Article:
Canadian telecommunications company WeWi will soon be launching a solar-powered notebook called the SOL Laptop. While it’s not the first of its kind, it has at least one impressive feature that makes it one to watch: WeWi claims that the built-in solar panels can charge the laptop in just 2 hours.
I got in touch with WeWi Founder & CEO David Snir to find out more about the SOL Laptop. David said that they were motivated to make their own solar-powered laptop partly because of their projects in Ghana, where weekly outages frequently left them with no access to electricity.
David is still keeping his cards close to his chest with regards to the laptop’s solar panels, but he did say that they’re currently getting about 16.08% efficiency. Pair that with the laptop’s entry level guts – an Intel Atom D2500 1.86GHz dual-core CPU and Intel GMA 3600 integrated graphics – and you get a 2-hour charge time. The laptop’s battery can store enough energy to power the laptop for up to 10 hours, but David said that the laptop can run “directly by sunlight”: as long as its solar panels are exposed to sunlight, you can use the laptop even if the battery is nearly empty. It’s like plugging into the sun.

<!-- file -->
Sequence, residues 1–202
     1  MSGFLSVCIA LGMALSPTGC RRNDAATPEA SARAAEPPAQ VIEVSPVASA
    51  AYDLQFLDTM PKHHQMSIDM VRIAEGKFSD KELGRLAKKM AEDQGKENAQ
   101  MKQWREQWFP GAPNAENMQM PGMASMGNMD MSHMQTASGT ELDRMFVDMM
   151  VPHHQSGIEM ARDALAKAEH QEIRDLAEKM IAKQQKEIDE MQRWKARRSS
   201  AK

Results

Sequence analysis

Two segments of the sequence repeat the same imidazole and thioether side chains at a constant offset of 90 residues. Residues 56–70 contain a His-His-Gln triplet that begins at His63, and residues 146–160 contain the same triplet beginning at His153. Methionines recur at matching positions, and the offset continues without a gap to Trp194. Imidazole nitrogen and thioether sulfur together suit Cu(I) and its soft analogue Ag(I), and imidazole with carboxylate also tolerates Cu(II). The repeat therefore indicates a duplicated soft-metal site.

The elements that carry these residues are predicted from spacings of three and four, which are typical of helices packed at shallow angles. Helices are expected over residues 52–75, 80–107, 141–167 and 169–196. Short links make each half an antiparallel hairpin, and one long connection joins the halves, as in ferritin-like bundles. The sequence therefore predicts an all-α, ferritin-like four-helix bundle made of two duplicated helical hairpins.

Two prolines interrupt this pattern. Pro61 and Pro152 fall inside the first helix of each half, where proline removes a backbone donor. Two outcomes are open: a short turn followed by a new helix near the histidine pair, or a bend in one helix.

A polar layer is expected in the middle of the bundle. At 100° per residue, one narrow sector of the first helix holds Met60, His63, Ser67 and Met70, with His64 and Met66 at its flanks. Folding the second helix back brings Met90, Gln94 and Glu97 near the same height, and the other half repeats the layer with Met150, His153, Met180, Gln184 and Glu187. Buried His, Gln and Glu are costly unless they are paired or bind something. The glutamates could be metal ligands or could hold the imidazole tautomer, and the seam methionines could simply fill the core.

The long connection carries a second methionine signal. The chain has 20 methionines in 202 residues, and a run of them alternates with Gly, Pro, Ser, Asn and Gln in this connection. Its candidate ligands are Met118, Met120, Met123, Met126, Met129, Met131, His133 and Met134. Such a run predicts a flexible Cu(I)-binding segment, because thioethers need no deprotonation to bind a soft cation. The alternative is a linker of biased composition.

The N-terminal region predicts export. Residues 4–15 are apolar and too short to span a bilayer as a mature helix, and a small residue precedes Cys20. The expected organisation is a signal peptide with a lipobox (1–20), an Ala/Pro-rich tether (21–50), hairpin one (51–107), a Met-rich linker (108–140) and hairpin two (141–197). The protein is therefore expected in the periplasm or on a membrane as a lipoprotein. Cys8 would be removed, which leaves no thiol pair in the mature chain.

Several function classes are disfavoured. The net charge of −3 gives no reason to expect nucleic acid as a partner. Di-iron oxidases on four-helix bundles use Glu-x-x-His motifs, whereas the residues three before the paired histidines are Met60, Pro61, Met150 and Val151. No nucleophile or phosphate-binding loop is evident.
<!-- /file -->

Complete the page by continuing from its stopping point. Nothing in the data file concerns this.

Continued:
The SOL Laptop’s solar panels will also be detachable; you’ll be able to work in the shade while the panels soak up the sun. WeWi is also working on an accessory that will let you charge other devices using the laptop’s solar panels.
Like its power-sipping CPU and integrated graphics, the rest of the SOL Laptop will only excite people stuck in 2010. It has a 13.3″ 1366 x 768 LCD screen, a 320GB HDD, 2-4GB DDR3 RAM, a 3MP webcam, 3 USB ports and a card reader. But it does have Ethernet and HDMI ports, as well as support for modern wireless standards: GPS, Wi-Fi 802.11n and Bluetooth 4.0. It even has a cellular modem that supports 3G & LTE.
David also said that the laptop’s case is made of a “special polymer with unique treatment for strength.” Finally, the laptop will come with an unspecified version of Ubuntu installed. I guess by now you can see what all of those bullet points are describing: an affordable netbook that’s at home outdoors.
The SOL Laptop will be released at the end of 2013 in African and Middle Eastern countries, with U.S. and Canada soon to follow. It will have two variants, a $350 (USD) standard model and a $400 Marine model that’s water-resistant.
Assuming that the 2-hour charge time claim holds up in real world usage, what’s most disappointing about the SOL Laptop is that it’s actually a SOL Netbook. But David also said they’re working on other solar-powered devices; perhaps a high-end version of the laptop is in the works as well.